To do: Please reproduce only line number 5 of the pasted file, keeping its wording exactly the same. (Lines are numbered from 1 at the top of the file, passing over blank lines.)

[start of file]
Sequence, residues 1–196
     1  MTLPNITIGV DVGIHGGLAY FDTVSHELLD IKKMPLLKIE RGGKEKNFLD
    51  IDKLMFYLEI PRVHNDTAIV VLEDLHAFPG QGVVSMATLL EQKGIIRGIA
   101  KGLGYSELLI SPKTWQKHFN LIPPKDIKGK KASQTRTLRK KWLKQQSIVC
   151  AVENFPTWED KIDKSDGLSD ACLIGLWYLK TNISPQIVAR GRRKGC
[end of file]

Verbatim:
   151  AVENFPTWED KIDKSDGLSD ACLIGLWYLK TNISPQIVAR GRRKGC